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The Benefits of Breastfeeding

By Dr Lorraine Cole

Giving our babies the best care possible isn't a choice: It's an
obligation. So as you prepare for the arrival of your little one,
making all of the important new-mom decisions, here are the
good (and the keeping-it-real) facts about breastfeeding.

Why is breastfeeding so important to the well-being of our
babies?

The simple truth: babies were born to be breast-fed. And,
there's no exact replica of this life-sustaining nourishment
that only moms can provide.

The American Academy of Pediatrics recommends that breast
milk be the only food or liquid given for the first six months of
life for most full-term, healthy babies.

Breast milk is the most complete form of nutrition for infants,
with the perfect balance of fat, sugar, water and protein
needed for a baby's optimal growth and development.

Also, with more than 200 infection-fighting agents, breast
milk also provides the best protection from infections by
sharing the mother's immunities with the baby, until the baby
has a chance to build up his/her own immune system.

Recent studies also show that babies who aren't
breastfed exclusively for the first six months are likely to
suffer more colds, flu, ear infections, respiratory illnesses,
make more visits to the doctor and develop childhood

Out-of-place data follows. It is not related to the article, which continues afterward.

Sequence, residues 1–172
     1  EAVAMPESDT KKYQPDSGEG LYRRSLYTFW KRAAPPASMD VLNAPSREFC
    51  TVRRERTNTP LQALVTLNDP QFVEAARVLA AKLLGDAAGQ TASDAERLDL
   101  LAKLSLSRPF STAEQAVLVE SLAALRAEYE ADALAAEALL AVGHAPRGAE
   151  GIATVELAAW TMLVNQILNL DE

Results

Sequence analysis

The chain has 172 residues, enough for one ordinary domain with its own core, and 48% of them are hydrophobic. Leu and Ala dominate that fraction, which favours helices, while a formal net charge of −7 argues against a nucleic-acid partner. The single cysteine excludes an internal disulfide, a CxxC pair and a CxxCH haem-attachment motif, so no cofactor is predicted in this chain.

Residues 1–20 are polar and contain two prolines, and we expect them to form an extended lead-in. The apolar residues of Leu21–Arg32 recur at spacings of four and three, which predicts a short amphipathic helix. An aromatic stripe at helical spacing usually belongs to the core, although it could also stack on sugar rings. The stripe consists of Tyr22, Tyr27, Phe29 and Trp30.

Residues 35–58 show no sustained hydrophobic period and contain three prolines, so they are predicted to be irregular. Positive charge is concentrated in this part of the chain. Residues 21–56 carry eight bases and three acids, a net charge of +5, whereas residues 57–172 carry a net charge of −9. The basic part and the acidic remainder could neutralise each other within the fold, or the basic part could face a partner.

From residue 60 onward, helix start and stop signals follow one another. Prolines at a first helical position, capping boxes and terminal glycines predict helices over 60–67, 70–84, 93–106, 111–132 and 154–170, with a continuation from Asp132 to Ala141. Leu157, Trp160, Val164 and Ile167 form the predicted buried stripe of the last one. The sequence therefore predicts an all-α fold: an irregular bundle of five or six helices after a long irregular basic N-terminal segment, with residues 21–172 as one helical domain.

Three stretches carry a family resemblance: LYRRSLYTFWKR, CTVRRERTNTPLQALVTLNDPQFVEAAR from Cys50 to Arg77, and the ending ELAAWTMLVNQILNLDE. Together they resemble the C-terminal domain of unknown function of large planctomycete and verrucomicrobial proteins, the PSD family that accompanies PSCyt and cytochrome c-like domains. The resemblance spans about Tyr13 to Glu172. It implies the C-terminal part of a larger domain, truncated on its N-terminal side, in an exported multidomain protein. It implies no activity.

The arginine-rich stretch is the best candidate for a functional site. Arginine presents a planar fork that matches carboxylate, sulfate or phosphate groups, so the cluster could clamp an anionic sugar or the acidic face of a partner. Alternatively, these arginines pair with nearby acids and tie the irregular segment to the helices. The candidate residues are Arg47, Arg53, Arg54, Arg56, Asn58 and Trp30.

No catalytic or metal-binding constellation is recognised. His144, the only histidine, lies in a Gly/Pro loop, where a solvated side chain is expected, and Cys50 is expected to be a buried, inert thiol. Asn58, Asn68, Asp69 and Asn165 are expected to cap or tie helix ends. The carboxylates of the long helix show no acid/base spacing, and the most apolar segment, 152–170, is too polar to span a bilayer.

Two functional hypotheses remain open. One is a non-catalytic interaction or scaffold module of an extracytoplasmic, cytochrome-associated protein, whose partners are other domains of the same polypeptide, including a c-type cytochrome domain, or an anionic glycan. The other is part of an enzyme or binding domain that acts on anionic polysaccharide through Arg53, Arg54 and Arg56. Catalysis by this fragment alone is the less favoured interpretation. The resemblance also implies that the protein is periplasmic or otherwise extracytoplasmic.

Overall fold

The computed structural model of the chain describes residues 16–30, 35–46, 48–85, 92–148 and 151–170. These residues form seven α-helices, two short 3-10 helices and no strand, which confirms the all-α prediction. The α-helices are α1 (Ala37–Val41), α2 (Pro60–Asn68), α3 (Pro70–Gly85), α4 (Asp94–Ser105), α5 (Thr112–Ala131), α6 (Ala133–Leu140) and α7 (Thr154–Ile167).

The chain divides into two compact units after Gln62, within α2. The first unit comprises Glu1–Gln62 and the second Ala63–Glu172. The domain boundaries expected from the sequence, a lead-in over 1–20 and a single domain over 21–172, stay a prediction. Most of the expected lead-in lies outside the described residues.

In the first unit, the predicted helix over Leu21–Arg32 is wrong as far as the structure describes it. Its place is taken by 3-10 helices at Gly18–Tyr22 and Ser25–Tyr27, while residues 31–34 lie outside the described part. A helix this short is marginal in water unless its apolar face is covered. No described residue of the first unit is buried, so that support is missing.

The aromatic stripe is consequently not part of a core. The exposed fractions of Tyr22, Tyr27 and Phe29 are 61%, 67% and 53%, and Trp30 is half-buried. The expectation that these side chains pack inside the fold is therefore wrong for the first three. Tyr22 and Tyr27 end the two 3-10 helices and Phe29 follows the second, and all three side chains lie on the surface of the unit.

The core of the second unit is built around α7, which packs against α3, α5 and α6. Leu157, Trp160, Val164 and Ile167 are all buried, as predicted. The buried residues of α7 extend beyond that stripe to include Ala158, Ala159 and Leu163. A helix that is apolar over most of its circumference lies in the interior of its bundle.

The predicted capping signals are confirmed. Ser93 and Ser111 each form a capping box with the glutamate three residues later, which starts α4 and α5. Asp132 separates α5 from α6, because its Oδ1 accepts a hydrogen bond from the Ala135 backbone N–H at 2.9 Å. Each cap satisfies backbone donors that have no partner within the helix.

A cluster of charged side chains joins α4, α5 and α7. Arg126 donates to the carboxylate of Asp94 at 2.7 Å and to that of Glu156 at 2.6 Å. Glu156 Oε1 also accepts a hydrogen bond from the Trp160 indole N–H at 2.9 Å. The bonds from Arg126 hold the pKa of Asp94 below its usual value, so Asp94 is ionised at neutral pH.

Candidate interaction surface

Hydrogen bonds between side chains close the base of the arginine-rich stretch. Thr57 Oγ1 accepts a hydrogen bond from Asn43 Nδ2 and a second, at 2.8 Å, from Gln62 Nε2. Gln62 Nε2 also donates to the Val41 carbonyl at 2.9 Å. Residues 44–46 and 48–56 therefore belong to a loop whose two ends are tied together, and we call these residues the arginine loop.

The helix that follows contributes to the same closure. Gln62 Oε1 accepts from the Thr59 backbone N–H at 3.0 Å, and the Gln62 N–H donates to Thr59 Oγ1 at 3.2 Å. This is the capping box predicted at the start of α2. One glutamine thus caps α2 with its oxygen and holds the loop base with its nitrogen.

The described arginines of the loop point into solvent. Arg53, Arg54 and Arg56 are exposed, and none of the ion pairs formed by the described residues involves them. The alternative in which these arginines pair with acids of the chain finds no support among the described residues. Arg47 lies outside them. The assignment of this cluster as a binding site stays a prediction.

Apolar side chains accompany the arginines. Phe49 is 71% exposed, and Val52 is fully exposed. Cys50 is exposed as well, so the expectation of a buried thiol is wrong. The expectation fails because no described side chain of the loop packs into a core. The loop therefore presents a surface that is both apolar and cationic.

obesity.

With all of these benefits, why do Black women have
consistently lower breastfeeding rates compared to other
races?

According to the US Centres for Disease Control and
Prevention's 2003 National Immunization Survey (the most
current resource on breastfeeding practices and statistics),
only 51 percent of Black American women ever attempt
breastfeeding and only 9.8 percent of these mothers are
exclusively breastfeeding at six months postpartum.

This sister-to sister resource aims to answer many of your
breastfeeding questions, from the concerns you'd only
share with a girlfriend to the issues only a breastfeeding
counselor (lactation consultant) and doctor should address
- in order to help you make the best decisions for both you
and your child.

If you still have questions or concerns, talk to your doctor
or a breastfeeding counselor.

The writer is the CEO of America's Black Women's Health
Initiative

Why Babies should be Breastfed

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